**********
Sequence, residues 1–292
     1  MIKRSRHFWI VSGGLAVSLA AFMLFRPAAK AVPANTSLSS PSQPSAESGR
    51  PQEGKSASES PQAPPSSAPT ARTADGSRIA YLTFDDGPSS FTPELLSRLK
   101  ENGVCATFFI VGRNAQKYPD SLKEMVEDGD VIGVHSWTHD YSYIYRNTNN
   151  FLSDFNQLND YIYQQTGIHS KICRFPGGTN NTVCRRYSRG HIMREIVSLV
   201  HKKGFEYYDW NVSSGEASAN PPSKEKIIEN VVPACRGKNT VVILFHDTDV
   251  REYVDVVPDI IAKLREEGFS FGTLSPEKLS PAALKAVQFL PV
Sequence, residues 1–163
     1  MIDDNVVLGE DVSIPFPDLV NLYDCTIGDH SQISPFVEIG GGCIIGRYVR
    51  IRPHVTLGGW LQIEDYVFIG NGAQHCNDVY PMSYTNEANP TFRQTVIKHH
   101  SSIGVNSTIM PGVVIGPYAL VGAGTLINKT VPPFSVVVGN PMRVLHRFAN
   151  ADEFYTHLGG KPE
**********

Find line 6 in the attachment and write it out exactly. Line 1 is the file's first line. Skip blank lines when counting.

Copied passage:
   201  HKKGFEYYDW NVSSGEASAN PPSKEKIIEN VVPACRGKNT VVILFHDTDV